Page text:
Also, according to their last communication, the National Audubon Society won’t have a recommendation on whether to change its name until its February board meeting — and will have a process for making the decision after that. Even if it does decide to remove “Audubon,” the national organization could be an entire year behind our timeline.
How about the Harriet Tubman/Hazel Wolf Society?
Naming things, organizations, and places after people is really a Euro-colonial phenomenon. Many BIPOC cultures, particularly Indigenous, name descriptively. This approach avoids the impacts of changing perspectives about people in the future, even those widely celebrated today. As a chapter, we support the movement to remove eponymous names from birds – and would apply that support more globally.
Also, the word “Society” is strongly associated with the elitism that, frankly, is strongly associated with conservation and birding. Internally, we have ceased using the word, except in instances (social media, legal documents) that would require an outright name change.
So what is the new name?
We believe it is important to be as inclusive in our re-naming process as we strive to be in our mission and work. In August and September, we conducted in-person and Zoom focus-group discussions about values and mission with internal stakeholders, including members, volunteers, and its board (staff already had completed this discussion). We then conducted a series of discussions with external stakeholders, including communities and groups with which we want to strengthen or begin relationships and partnerships.
We also conducted two online surveys, one for our community and one for its partners and those historically excluded from birding and organizational activities.
The resulting data, including suggested names, was turned over to a Name Selection Committee composed of staff, board members, members, volunteers, and community members. That group will come up with a list of finalists they believe best reflect the values and mission prioritized in the discussions. Chapter leadership will choose three finalists to recommend to the board of directors, one of which, if approved, is scheduled to be presented to chapter membership in June 2023.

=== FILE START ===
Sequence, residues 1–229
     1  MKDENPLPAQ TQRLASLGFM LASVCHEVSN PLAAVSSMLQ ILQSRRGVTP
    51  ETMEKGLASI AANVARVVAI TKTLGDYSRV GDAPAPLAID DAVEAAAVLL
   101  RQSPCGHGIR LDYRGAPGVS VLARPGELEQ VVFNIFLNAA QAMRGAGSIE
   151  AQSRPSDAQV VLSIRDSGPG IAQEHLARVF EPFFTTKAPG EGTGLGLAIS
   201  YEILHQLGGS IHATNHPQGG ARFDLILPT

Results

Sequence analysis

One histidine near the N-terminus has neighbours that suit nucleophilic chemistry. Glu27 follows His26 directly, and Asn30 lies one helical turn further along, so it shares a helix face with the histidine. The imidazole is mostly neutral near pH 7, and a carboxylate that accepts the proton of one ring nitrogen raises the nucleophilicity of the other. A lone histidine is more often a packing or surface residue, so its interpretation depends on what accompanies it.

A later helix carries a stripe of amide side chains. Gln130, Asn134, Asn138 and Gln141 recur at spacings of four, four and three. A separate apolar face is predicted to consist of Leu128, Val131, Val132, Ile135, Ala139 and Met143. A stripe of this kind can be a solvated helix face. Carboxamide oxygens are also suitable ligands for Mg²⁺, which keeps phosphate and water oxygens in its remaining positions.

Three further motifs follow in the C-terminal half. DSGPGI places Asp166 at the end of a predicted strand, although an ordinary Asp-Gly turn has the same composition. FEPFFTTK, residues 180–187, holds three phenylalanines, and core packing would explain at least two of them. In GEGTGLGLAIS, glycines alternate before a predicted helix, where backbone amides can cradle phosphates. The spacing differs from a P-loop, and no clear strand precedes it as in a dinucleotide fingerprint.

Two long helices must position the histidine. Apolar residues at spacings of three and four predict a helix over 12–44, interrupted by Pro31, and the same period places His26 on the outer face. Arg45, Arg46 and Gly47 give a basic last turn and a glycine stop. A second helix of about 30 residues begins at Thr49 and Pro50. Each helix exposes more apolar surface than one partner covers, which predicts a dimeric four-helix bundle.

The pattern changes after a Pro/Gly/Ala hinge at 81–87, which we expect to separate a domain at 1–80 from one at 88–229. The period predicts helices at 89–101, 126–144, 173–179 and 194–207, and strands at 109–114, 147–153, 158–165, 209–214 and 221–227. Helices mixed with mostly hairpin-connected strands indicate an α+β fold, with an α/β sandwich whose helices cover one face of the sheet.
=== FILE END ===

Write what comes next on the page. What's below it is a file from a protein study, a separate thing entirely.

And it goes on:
Can we please get back to conservation and loving birds?
Changing our name is all about conservation and loving birds. We cannot fulfill our central mission to advocate and organize for cities where people and birds thrive until that mission applies to all. Environmental calamities, including the impacts of climate change, strike BIPOC and other marginalized communities first and disproportionately. We cannot effectively do our work until we follow an antiracist path and welcome and embrace everyone.
If birds are our entry point to conservation, that access is blocked by historical and cultural reasons, including the use of a namesake that no longer reflects the values of this organization. Keeping a harmful name also effectively helps block access to conservation and environmental work. And that is unacceptable.
We have accumulated a lot of experience and expertise during the 106 years of our existence. We have not also acquired the privilege of keeping such assets to ourselves, nor do those assets belong to a name or even a certain group of people. We cannot truly do the work of protecting birds and the people who love them if we do not commit every drop of our resources to all of conservation – and help ensure every other organization in this slice of society does the same.
Seattle Audubon Community Director
A national-award-winning writer, photographer, and web publisher, Glenn founded The Trail Posse to explore the intersection of race and the outdoors. A longtime journalist, he started his career at The Seattle Times and co-founded or founded several digital media companies, including HoopGurlz, a girl’s and women’s basketball website that he sold to ESPN. Glenn earned his B.A.s in journalism and political science from Seattle University and his Masters in American Government from Columbia University.